“Dell designs, develops, manufactures, markets, sells, and supports a range of computer systems and services that are customized to individual customer requirements” (“Business Summary,” 2009). Customers can purchase Dell desktop computers, laptops, servers, printers, and software from the Dell Web site or speak with a sales representative on the telephone. The various customers of Dell include various U.S. government agencies, healthcare, corporate, and education entities. Dell uses financial statements and other data to communicate its financial position with investors and other users of financial information.
Understanding Annual Reports
Investment capital is always moving between different markets, industries, and nations. “The goal of accounting information is to provide economic decision makers with useful information,” according to Williams, Haka, Bettner, and Carcello (2006, p. 670). Users of financial statements determine market and financial trends within a company and in the external business environment through the use of financial statements. Different users use financial statements differently and address different needs, such as data providing investors on whether they should buy or sell certain companies’ stocks. In the examination of Dell annual reports for 2005 and 2005, the researcher needs to use general tools of analysis, such as ratios, financial leverage, examine the cost of capital and other financial incentives for the company.
Companies use calculations between different sets of data on the annual report to determine the short-term financial health and long-term financial health of the firm. Ratios also provide the changes in a company caused by internal and external factors often not displayed in individual financial statement information, such as the cost of goods sold. “A ratio is a simple mathematical expression of the relationship of one item to another,” according to Williams, Haka, Bettner, and Carcello (2005, p. 674). Different ratios provide different information to different financial information users, including the company.
“Investors commonly use the current ratio to evaluate a company’s liquidity” (Kieso, Weygandt, and Warfield, 2007, p. 386). A company is better able to meet its current payments and other obligations as they come due if the current ratio is higher. The formula for calculating the current ratio is The current ratio for Dell in 2005 was 1.11:1 while the 2006 current ratio was 1.12:1. The 2005 ratio of 1.11:1 means that for every dollar of current liabilities, Dell has $1.11 of current assets. Dell current ratio increased in 2006 and is lower than the industry average of 2.2, meaning Dell might be encountering difficulty in making payments as these payments become current.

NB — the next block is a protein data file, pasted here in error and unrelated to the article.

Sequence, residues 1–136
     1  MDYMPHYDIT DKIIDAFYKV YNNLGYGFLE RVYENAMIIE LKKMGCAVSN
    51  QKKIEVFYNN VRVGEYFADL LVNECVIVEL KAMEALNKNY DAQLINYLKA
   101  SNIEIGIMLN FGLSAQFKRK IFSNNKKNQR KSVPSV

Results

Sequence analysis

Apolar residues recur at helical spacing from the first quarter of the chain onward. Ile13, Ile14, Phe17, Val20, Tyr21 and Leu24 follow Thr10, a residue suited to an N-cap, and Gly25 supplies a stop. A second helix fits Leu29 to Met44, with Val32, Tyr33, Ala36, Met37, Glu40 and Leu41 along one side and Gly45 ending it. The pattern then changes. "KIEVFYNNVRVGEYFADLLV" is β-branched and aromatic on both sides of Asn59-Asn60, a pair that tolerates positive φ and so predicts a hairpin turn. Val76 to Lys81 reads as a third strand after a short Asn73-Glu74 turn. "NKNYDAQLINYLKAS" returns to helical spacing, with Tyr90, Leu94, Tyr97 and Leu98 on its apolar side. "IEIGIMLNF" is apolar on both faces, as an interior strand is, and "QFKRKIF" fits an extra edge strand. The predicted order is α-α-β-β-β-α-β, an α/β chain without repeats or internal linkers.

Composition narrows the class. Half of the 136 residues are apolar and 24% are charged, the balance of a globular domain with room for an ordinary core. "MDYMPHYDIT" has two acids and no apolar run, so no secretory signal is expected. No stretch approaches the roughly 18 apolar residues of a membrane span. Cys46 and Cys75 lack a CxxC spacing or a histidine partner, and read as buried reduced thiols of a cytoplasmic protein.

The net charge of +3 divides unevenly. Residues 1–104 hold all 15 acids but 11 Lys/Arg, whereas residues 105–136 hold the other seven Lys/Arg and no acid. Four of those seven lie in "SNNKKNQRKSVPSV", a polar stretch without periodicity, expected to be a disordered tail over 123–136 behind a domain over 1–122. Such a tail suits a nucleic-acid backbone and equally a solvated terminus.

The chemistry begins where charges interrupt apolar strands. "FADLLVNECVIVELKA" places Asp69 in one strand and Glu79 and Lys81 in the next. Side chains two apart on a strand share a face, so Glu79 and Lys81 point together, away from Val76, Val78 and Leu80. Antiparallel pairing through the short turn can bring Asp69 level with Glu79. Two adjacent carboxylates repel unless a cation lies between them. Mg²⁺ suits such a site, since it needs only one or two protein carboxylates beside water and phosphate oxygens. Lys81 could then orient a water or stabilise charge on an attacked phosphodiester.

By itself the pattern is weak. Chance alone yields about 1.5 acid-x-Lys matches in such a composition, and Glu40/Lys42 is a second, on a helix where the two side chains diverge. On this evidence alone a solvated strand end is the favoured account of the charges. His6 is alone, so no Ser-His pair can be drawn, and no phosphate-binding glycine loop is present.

Acid-test (Quick) Ratio
The quick ratio (acid-test ratio) provides a view of the company’s short-term liquidity and is calculated by the following equation: . The quick ratio complements the current ratio because the quick ratio examines components of short-term liquidity not examined by the quick ratio; also, the inventory displayed on the balance sheet may not be available for current sale. The quick ratio for 2005 was 0.78:1 and increased in 2006 to 0.88:1. Given that the industry average is 2.1:1, Dell’s quick ratios seem a little low, as the company may have slow-moving merchandise (such as computers) or inventories that have become excessive in size” (Williams, Haka, Bettner, and Carcello, 2005, p. 674).
Inventory Turnover Ratio
Inventory turnover is “the number of times on average the inventory is sold during the period” (Weygandt, Kieso, and Kimmel, 2005, p. 697). This ratio measures the liquidity of the inventory and is calculated by the equation cost of goods sold/average inventory = inventory turnover. Dell inventory turnover ratio declined from 106.29 in 2005 to 93.17 in 2006, thereby identifying less cash tied up in inventory and decreased chance of inventory obsolescence. The industry average in the Personal Computer Systems industry is 49.1, so Dell’s inventory turnover rate is above average.